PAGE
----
A Canadian climber has become the first person to scale up an ice-covered Niagara Falls.

Will Gadd, 47, completed the frigid ascent earlier this week in approximately an hour after starting at the base of the Niagara Riverwith climbing partner Sarah Hueniken. They scaled along the northern-most point of the Horseshoe Falls, a route that runs near the U.S. border.

"It's one of the toughest things I've done in my life and one of the most beautiful things I've ever seen," Gadd told CTV Toronto on Friday.

The Canmore, Alta., native says at one point during his dangerous ascent, he was unsure if he would make it to the top.

"About a third up the way of the climb, my ice tools were covered in ice and I actually had to melt the iced tools with my hands," he said.

Gadd, however, is no stranger to dangerous climbs. In 2007, he rappelled deep down into a labyrinth of abandoned iron mines. Gadd described the incredible climb with partner Andreas Spak as "surreal" on his website.

He has also climbed other ice walls, including the 141-metre Helmcken Falls in British Columbia. Gadd gave that climb a difficulty level of WI10, "three grades higher than the world’s previous hardest ice climb."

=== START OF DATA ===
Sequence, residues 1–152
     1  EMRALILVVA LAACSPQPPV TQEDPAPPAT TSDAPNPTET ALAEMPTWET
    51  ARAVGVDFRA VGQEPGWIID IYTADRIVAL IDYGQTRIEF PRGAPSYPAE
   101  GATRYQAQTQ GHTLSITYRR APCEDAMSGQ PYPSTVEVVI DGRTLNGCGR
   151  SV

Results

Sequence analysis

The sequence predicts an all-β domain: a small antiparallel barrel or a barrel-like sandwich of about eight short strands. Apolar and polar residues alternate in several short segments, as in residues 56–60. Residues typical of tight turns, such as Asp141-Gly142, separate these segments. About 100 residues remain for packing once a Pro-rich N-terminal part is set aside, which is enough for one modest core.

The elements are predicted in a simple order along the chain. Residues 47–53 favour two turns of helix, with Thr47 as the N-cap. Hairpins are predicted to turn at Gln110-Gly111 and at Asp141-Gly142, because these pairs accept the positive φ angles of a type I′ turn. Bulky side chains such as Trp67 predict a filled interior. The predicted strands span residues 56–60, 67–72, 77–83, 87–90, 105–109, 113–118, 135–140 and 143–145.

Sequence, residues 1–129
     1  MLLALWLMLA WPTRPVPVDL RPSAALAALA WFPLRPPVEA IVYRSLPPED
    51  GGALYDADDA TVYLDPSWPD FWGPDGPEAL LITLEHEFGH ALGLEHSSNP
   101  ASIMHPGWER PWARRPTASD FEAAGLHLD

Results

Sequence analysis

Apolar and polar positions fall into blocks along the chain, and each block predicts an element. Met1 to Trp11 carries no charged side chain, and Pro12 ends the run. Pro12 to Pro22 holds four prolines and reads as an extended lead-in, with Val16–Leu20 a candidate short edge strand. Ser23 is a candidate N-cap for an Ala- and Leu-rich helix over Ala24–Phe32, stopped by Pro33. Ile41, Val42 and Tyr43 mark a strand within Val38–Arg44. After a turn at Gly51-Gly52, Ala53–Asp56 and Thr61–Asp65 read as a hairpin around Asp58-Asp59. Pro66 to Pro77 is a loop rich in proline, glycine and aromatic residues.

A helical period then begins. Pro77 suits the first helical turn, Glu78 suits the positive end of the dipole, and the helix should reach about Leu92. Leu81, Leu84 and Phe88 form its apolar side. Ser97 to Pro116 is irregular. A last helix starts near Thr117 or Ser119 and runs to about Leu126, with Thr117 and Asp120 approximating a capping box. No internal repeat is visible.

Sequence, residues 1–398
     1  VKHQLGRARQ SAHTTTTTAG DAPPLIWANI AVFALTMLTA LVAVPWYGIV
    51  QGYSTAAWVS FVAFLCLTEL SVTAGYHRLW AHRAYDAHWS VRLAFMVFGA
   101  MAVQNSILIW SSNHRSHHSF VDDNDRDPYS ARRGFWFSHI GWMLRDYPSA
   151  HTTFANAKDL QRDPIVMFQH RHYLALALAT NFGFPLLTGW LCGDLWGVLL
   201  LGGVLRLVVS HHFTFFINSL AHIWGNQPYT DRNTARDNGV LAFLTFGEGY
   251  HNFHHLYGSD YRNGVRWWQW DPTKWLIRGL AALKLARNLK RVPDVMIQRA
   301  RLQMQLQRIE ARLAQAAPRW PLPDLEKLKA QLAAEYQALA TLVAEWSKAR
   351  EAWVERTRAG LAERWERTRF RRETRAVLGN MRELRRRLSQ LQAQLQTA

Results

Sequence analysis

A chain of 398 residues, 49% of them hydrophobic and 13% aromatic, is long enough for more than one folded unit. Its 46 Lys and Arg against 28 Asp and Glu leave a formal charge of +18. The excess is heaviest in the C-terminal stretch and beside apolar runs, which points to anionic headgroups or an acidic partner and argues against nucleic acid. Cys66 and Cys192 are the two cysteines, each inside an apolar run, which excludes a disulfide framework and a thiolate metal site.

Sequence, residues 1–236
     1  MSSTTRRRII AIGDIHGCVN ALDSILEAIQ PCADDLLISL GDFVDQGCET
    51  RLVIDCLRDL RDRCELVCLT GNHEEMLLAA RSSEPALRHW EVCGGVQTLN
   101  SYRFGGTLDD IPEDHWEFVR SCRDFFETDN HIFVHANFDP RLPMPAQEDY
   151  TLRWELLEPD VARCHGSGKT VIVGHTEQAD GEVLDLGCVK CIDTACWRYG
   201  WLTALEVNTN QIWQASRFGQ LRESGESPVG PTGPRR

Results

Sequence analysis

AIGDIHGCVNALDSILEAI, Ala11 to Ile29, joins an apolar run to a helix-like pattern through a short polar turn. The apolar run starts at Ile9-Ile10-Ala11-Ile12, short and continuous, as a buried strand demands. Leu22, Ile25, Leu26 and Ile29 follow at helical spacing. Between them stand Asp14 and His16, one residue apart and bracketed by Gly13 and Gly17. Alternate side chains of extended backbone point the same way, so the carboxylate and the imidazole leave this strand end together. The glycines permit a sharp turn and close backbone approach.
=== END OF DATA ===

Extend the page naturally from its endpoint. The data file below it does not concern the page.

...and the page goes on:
Tuesday's climb up Niagara Falls also had its challenges. Approximately 150-tons of water flows over the majestic and powerful falls every minute at speeds of more than 110 kilometres per hour.

"You feel the power of Niagara Falls in your body. It thumps at you," Gadd said.

"You're right near the biggest waterfall in the world," added Hueniken. "It's roaring, not just in your ears, but you're feeling the spray constantly as you're climbing up the falls."

Gadd said at one point, he felt like he was climbing inside a cloud of mist and spray.

"I had the waterfall literally shooting right over my shoulder. I realized that moment was something nobody had ever experienced and may never experience again."

Gadd celebrated the ascent with a tweet he shared on Thursday.

It took approximately eight months for Gadd and Huekinen to secure a permit to scale the Niagara Falls.

With a report from CTV Toronto's Zuraidah Alman